You were just caught speeding and now you’ve got a ticket. What do you do?! You’re going to fight it and beat that speeding ticket. Here’s how:
Disclaimer: This is only for educational purposes, and no results are guaranteed. As of this writing, I am not a licensed attorney.
Pull it over
You’ve got to have the proper mindset from the get-go. We’ll first back up and look at how you should behave if you get pulled over for a speeding violation.
Be polite. This is the cardinal rule throughout the entire speeding ticket fight. Be polite, courteous, and professional. If you act like a dirt bag, the police and the courts will treat you like one. Get respect by giving it.
Submit. Once you’ve pulled off the main roadway, show the officer that you’re not hostile. Turn your car off, turn the interior light on, and turn the hazard lights on (if needed). Place your hands on the steering wheel, so the policeman can see them.
Shut up. Anything you say can and will be used against you. That means don’t admit that you’re guilty. You could say something like, “I didn’t realize I was going that fast.” It doesn’t directly admit guilt, but it’s also not arguing with the officer.
Blend in. When it comes trial time, you’re counting on the officer’s lack of memory. The less memorable you are, the better your chances are of getting off scott free. Be nice, but not too nice. Blend in as just another traffic stop.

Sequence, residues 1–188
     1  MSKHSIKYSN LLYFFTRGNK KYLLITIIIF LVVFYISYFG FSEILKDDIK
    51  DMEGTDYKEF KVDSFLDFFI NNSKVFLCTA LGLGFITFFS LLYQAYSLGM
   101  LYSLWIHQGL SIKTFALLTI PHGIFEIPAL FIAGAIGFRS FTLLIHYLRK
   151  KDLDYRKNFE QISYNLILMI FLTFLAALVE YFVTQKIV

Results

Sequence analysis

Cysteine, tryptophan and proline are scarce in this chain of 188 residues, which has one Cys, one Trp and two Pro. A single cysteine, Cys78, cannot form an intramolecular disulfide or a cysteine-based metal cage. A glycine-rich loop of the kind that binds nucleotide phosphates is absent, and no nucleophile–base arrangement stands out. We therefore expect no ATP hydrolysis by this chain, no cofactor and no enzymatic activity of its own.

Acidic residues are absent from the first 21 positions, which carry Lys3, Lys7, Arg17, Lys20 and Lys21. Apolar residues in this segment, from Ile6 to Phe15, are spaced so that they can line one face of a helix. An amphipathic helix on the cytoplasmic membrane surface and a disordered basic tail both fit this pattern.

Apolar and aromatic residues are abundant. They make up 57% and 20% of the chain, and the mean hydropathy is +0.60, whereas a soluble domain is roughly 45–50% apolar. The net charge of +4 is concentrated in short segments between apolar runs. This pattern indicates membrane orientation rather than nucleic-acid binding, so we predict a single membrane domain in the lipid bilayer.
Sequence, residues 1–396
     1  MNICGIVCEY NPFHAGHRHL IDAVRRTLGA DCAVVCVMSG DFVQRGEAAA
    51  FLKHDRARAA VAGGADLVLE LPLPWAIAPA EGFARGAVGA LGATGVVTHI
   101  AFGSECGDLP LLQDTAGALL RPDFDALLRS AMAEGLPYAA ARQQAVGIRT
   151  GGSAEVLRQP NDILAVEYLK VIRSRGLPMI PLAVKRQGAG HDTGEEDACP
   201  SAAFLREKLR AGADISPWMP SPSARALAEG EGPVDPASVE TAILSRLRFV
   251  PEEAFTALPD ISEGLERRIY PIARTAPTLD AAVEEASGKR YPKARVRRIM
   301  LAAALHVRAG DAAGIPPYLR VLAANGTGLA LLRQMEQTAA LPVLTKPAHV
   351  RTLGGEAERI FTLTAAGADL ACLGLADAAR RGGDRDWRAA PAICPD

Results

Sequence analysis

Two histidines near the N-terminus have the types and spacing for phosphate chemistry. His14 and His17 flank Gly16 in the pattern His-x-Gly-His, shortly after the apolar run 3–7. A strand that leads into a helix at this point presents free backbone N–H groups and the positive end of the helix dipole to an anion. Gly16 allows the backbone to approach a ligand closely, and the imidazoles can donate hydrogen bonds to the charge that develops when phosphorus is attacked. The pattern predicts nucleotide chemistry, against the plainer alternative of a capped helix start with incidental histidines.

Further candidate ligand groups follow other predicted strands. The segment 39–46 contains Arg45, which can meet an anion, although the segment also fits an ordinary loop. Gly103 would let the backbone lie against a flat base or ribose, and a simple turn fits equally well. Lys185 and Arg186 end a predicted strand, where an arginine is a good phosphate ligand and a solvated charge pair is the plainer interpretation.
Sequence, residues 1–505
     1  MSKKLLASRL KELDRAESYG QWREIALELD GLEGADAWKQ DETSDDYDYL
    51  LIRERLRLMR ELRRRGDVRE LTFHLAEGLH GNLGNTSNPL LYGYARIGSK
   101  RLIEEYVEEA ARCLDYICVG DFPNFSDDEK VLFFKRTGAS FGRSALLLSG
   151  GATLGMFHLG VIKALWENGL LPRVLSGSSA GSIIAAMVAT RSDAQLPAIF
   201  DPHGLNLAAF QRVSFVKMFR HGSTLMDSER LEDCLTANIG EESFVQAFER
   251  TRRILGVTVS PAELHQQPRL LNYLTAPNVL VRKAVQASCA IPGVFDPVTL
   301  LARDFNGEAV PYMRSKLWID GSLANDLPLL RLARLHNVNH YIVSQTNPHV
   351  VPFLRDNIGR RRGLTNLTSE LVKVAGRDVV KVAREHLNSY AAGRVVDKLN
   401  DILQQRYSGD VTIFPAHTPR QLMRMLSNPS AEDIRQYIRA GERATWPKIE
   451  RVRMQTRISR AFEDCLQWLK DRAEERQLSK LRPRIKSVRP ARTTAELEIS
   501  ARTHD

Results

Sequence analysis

Get out of the speeding ticket
Go to traffic school. Many states allow you to take a one-day course in driving safety, pay the speeding ticket, and have it cleansed from your record. This keeps your insurance premiums lower and will ultimately decrease the cost of a speeding ticket. But requirements do vary by state.
Other methods… Check into other avenues of forgiveness with your state. Some states will simply dismiss a ticket if you haven’t had any other vehicle-related citations in a certain number of years. Other states will put you on a form of probation and dismiss the ticket, as long as you don’t receive another ticket within a certain number of months.
Research and prepare
Read a book. Actually paying a ticket can cost quite a bit in higher insurance premiums. It’s worth your while to purchase a book and figure out how to fight the citation. “Beat Your Ticket” is highly recommended (pictured at right).
Look up the law. If you don’t know what you’re being charged with, look it up. Be sure you know the particular violation, so you understand what you’re fighting. Information is power!
Survey the court. Get the low-down on traffic court before your day. Just go sit in the courtroom for a few minutes a few days before your speeding ticket is scheduled. This will help you be more relaxed when the time comes.
Go to traffic ticket court
Follow the rules. Courts are full of crazy rules and regulations. Be nice to the clerks and they’ll help you understand what to do.
Dress nicely. If you show up to court in rags, you’ll be treated like a bum. Wear a suit, and you’ll get some respect.
Be prepared. By having an arsenal of information and documents, you improve your chances of winning. One guy used Google Maps in court to prove to the judge that the officer was wrong.
Find more resources
This guide isn’t meant to be totally comprehensive. Frankly, no page could be, since jurisdictions vary so much. But here are some other resources to check out:
It pays to avoid a speeding ticket – or fight one (MSN Money)
How to beat a speeding ticket (or at least better your chances) (Lifehacker)
Beat your ticket, get your day in court (Oregon Legal Research)
Ten Minute Ticket Fighter (National Motorists Association)
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